woof! - Ambar — LiveJournal
|Date:||November 22nd, 2004 11:04 pm (UTC)|| |
Hm. It occurs to me that you Know Things.
I've two dogs, one a Siberian Husky, Kai, 11 months old and solid bone from ear to ear. We have a lovely four acres fenced in for he and his (adopted) sister to run in, and an invisible fence coinciding with the 4' wire fence. The dogs spend idyllic days roaming peaceably through the brush, sniffing interesting smells and pursuing doggy pursuits that leave them content and fulfilled doggies.
Kai pursues his outside the fence. Daily, we come home and find him waiting for us at the front door. Observation shows that he strolls down to the fence at several locations, waits just at the edge of the radio field, and then takes a couple of brisk steps and leaps the fence, thence to explore the Great World Beyond.
How, how, oh Ambar of the Wolves (and horses, and maincoons, and...) does one induce one's idiot pup to recognize that the wire, the beeping, the "NO!", and the pain indicate a requirement to stay put?
|Date:||November 23rd, 2004 12:00 am (UTC)|| |
I don't know that you'll consider this actually helpful (sorry), but the first idea to present itself is a taller fence. I'm sure some dog, somewhere goes along with the invisible fence gag, but most real dogs I know run right through the signal, because it's more fun to be outside than it is painful to go through the fence. Consider it the canine equivalent of being a smoker. This suggestion is tantamount to increasing firepower; it may or may not work.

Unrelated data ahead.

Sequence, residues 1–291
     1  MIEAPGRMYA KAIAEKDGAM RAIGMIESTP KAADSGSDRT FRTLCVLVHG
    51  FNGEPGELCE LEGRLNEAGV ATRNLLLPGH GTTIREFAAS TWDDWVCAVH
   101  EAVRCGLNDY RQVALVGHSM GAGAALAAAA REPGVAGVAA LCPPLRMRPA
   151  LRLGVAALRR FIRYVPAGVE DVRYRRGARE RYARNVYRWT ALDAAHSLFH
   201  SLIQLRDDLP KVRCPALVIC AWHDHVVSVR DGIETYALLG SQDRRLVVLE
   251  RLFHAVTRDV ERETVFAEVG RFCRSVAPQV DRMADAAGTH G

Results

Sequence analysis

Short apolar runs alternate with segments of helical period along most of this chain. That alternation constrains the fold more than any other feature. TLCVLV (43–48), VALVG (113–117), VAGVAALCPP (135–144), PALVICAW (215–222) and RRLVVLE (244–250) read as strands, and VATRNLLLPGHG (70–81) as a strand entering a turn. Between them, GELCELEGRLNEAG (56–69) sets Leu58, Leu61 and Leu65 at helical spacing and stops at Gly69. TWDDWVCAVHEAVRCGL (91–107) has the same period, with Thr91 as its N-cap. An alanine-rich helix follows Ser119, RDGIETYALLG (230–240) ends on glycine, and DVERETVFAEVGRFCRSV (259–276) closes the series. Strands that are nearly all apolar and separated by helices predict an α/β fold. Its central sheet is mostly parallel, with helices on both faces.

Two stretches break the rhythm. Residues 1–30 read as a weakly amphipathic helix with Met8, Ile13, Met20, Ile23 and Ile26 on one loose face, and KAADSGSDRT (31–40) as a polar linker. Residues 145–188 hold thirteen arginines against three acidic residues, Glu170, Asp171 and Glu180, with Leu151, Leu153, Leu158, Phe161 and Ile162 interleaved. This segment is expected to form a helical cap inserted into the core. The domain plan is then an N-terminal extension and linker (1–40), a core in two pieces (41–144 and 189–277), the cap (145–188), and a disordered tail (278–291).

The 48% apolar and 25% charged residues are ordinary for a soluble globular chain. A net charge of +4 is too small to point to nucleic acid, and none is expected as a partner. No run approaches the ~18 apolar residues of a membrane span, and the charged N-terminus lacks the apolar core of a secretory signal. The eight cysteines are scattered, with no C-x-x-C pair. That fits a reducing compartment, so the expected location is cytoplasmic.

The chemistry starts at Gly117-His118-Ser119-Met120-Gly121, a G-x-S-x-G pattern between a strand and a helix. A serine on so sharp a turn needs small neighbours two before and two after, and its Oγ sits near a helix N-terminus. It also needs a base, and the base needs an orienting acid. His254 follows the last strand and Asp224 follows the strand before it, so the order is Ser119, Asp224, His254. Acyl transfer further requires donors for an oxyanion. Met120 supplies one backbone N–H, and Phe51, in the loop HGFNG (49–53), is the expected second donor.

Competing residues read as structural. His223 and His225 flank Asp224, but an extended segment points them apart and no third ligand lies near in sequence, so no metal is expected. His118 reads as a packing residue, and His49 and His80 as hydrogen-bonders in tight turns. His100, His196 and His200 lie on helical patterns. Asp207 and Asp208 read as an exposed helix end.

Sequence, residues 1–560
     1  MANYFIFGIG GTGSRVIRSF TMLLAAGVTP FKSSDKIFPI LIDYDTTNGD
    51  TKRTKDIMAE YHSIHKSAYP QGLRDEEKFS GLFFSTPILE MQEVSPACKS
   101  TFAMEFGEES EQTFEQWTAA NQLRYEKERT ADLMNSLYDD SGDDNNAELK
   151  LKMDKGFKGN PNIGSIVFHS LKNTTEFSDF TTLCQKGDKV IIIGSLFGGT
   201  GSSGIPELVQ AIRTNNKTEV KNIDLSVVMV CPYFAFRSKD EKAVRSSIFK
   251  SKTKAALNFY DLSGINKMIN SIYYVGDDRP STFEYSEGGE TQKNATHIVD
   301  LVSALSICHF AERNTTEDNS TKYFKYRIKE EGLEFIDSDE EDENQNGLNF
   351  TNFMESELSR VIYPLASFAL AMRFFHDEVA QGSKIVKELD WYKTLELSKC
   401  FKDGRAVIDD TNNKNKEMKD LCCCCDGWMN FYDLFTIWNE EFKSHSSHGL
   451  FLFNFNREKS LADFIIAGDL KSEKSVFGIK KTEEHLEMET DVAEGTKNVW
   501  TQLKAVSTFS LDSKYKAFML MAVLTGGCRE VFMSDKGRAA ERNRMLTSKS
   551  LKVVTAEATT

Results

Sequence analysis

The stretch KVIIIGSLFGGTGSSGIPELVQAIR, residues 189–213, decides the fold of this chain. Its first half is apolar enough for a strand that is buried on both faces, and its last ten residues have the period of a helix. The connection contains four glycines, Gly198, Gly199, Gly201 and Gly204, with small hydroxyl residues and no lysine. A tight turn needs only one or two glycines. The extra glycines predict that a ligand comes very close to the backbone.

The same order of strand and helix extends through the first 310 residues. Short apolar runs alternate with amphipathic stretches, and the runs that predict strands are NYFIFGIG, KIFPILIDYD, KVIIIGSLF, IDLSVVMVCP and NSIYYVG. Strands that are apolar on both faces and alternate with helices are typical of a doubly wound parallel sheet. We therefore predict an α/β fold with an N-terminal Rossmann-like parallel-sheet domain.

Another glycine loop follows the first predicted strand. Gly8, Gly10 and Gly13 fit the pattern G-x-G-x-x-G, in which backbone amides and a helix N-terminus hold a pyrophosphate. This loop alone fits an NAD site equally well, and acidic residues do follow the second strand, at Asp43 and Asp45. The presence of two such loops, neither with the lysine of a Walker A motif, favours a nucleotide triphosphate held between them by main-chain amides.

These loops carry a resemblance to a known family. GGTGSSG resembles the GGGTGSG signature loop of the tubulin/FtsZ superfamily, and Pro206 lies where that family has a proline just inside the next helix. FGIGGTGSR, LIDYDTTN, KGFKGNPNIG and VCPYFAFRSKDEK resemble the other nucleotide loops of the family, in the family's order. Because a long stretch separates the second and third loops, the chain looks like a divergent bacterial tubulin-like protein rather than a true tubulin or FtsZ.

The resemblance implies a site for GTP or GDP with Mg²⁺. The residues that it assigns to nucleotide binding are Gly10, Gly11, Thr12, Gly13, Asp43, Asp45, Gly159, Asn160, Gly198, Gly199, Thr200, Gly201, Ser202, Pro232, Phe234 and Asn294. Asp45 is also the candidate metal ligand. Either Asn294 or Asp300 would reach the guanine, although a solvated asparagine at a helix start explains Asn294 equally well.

Second suggestion, cheaper but possibly more deeply disruptive to both your lifestyle and your philosophy of canine keeping: crate them when you are not at home to supervise, and then enjoy rambles with them when you are. This also solves the "leaps 6-foot fences," "digs under fences," etc variants on dog behavior. This is prevention: it WILL work, but you may find it too inconvenient to enforce. (When I had Sable, I joked about the dog-bladder curfew. It wasn't a joke.)
Third suggestion, but more theoretical than practical, I fear, is making inside the yard more attractive and delicious than outside the yard. Unfortunately, the Nordic / sled breeds have a tendency to roam, as you have discovered, so this may be akin to suggesting that you recreate the Taj Mahal, lifesize, on your four acres, working with sawdust and Elmer's glue.
|Date:||November 23rd, 2004 05:03 pm (UTC)|| |
This morning I let the Beasts out into the Fenced Compound. Kai strolled purposefully to the fence, paused for a moment, head cocked slightly, considering the aspects of the thing, and then bound over and moved off toward the neighbor's yard at a relaxed pace.
I have decided I will keep him in the yard by applying large amounts of epoxy to his feet and sticking him to the deck. I think that will work.